Suppliers of grocery products have seen their manufacturing costs jump by anything up to 5% in the past six months, but almost half have not yet been able to pass on these rises to their customers.
The latest survey of top executives on our suppliers’ reader panel reveals that 76% of them have seen their costs rise due to the higher cost of utilities, transportation, packaging and staff wages, while some felt costs had soared by as much as 10%. Others warned that costs would continue to rise.
However, our survey shows that it is proving difficult for many to pass on these extra costs, with 58% of our panel saying they were now definitely trapped in a deflationary market.
Almost half (47%) said they had managed to pass on some
of their higher costs, while a similar proportion hadn’t yet been able to follow suit. Just 2% said they had managed to pass on all of their increased costs.
The views are backed by the results of The Grocer’s latest Price Index (The Grocer, August 13, p4) - which showed that grocery prices were down by 0.5% year-on-year, despite rising 0.4% between July and August.
One supplier told us: “The situation in our sector is best described as the economics of the madhouse. Costs have been driven up by 5% each year for the past two to three years. Yet we have been unable to pass on these increases. To make matters worse, price matching by retailers - who demand their margins are maintained - has resulted in price deflation of 5% to 6% a year. The result is eroded profitability and the medium-term threat of suppliers exiting the market.”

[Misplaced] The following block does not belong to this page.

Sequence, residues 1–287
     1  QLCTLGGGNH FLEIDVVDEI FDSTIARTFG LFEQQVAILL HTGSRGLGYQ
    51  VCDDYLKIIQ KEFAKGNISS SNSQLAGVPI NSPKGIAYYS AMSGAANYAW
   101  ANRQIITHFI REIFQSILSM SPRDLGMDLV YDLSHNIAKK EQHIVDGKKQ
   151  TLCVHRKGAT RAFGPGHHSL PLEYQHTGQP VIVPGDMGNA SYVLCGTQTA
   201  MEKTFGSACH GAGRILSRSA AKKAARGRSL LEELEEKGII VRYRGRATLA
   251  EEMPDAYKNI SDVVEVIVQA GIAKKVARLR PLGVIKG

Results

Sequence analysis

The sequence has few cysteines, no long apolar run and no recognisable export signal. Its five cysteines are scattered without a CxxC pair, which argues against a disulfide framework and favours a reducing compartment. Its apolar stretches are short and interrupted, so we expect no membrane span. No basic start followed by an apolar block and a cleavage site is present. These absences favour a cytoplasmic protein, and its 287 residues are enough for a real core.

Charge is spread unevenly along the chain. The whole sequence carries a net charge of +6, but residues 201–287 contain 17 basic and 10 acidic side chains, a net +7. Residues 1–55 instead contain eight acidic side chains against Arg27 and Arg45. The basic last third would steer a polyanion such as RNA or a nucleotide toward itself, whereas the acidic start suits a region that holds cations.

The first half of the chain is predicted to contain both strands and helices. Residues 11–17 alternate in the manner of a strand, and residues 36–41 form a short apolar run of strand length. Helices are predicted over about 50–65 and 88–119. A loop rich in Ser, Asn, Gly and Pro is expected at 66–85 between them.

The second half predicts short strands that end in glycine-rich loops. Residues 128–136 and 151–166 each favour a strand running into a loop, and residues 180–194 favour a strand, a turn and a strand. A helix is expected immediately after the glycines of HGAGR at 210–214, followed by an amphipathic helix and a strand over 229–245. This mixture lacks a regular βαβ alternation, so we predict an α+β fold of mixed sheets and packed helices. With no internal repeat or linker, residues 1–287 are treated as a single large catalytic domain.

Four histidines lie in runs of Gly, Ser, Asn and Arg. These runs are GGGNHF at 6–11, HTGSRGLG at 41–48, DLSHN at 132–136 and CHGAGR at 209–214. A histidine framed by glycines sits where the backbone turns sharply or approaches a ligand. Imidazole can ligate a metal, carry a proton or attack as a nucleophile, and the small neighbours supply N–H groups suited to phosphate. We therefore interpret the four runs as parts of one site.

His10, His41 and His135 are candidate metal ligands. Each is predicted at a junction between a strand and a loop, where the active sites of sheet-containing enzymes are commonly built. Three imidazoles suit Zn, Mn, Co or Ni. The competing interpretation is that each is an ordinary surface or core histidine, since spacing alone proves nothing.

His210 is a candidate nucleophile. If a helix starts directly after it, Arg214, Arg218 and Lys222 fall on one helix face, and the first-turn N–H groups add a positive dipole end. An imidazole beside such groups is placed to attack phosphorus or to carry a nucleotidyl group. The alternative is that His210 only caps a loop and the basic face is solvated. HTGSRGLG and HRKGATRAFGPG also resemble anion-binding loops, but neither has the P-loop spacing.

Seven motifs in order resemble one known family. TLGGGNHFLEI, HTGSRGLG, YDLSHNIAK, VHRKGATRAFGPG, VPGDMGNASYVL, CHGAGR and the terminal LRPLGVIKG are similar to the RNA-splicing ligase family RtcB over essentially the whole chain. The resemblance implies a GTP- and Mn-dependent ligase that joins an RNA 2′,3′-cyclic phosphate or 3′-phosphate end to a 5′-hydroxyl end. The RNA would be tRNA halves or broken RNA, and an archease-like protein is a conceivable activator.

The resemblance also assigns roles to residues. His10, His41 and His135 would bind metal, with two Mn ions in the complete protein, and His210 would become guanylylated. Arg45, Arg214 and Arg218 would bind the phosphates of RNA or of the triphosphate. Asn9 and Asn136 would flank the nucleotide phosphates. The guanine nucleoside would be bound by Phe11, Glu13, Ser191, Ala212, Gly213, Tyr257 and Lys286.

Another said: “The only way we seem able to secure price increases is by launching new products with higher rsps. Securing increases in existing lines is still very difficult. Retailers are happy to take a price increase, but are not prepared to reduce margins and will not be first to move retail pricing.”
One supplier disagreed - to a point. “After years of deflationary pressure, it appears that retail selling prices are moving up,” he said. “But the retail battle will not go away. And with Sainsbury recovering, the pricing pressure will, if anything, get worse.”
Julian Hunt